Through field surveys, photometric measurements, and interviews with local inhabitants, governmental and private sectors as well as international visitors regarding the perceived identity of Old Bangkok, the team created a light design objective. The resulting lighting strategy proposed by the lighting workshop team aimed to honor all communities of the city, creating cohesion between riverside and inland landmarks through color temperatures related to the city’s name and associations.

Dr. Bstieler concluded her talk with the invitation to participants to consider her research’s approach, believing that it can be adapted by other developing Asian cities to help create their sustainable night-time identity. In the Q&A, she emphasized the importance of dialogues with local as well as governmental circles in establishing their desired needs and impressions to create the different lighting possibilities which can also help fight light pollution.

The  recordings of all the presentations are available on YouTube. LUCI members will also find them on the LUCI Hub with access to additional information (powerpoint presentations and further references). 

The “LUCI Declaration for the future of urban lighting” in the spotlight of the interactive World Café

The second day of the workshop invited participants to actively engage in group conversations about topics related to the “LUCI Declaration for the future of urban lighting”. The Declaration is available in 5 languages: FR, EN, SP, NL and KO – download the LUCI Declaration here

International moderators and rapporteurs were tasked with leading the in-depth discussions at each table around:

  • urban lighting and well-being,
  • energy,
  • culture,
  • light pollution, and
  • light festivals.

The final group presentations were not only related to these independent topics, but also to the presenters’ expertise and presentations of the previous day. The concluding summaries related each topic to the urban lighting in the participants’ countries, often accentuating the similarities and differences of perceptions, definitions, legislations, and challenges.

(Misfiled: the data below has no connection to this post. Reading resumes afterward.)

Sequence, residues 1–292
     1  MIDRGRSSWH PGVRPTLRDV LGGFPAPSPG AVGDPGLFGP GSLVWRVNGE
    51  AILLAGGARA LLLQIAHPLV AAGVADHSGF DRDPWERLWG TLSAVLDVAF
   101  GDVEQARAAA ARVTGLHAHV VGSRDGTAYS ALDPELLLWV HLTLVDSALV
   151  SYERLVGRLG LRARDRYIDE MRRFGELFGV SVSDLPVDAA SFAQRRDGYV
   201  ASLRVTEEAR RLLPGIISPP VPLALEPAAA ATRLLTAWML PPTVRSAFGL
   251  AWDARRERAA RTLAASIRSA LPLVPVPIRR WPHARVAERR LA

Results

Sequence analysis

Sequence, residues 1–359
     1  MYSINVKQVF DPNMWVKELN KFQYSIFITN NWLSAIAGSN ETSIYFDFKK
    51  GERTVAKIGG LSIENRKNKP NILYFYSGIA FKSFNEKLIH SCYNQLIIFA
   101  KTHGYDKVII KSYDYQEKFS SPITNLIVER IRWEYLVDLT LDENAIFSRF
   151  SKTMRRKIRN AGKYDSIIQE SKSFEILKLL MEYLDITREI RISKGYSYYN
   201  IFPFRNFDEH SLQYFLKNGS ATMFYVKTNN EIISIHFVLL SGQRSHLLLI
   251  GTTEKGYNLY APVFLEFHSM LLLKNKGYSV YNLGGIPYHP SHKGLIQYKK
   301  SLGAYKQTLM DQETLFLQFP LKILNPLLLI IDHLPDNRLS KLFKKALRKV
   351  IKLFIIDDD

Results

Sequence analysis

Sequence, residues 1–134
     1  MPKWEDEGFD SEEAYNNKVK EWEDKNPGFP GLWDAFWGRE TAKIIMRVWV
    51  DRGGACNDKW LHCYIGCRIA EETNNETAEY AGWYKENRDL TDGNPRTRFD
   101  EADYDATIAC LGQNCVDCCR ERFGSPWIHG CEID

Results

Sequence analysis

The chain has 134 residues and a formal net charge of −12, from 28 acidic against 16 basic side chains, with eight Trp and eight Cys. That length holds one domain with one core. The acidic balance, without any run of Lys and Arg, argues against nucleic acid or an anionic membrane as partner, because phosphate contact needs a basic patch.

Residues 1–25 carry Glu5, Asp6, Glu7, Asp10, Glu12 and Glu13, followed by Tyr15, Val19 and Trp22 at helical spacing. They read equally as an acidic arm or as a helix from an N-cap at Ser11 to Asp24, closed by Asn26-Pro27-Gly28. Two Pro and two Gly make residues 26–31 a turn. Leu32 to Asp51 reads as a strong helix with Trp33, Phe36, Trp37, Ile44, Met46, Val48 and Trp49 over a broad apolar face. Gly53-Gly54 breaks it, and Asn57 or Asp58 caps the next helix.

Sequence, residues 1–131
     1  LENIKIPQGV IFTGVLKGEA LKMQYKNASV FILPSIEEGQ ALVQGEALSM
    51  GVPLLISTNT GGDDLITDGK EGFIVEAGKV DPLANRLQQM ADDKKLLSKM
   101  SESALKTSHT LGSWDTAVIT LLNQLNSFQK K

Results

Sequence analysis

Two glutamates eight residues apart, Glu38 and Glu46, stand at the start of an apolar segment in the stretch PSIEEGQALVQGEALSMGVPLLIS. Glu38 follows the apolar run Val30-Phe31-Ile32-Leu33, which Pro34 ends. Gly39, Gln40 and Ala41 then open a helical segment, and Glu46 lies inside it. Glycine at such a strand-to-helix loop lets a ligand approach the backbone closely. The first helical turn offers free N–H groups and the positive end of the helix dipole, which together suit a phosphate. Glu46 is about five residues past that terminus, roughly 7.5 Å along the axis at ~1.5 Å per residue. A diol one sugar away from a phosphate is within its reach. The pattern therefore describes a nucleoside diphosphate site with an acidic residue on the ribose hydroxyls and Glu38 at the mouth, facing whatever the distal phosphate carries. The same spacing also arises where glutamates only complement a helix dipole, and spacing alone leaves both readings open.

Interactive social moments during tours

Alongside the main programme of lectures, presentations and the World Café, participants had the opportunity to explore Seoul’s daytime as well as nighttime landscape together with Korean culture. The opening night took them to the Banpo Hangang Park with its artificial islands where a popular dinner of fried chicken and beer were enjoyed during a musical and light show of the Banpodaegyo Bridge Rainbow Fountain.

At the end of the event, the Workshop participants enjoyed a guided visit of the Seoul Biennale of Architecture and Urbanism and also visited two main nighttime monuments of the Korean capital: Deoksugung Palace as well as the previously presented Gwanghwamun Square.

These in-person experiences of the city’s nighttime lighting have contributed to the participants’ experience of the city as well as allowed further networking and knowledge-sharing opportunities. We already look forward to the 8th edition of the LUCI Asia Urban Lighting Workshop that will continue this tradition of discussing and meeting fellow professionals in urban lighting in the region!

Photo credits
© Seoul Metropolitan Government; © LUCI Association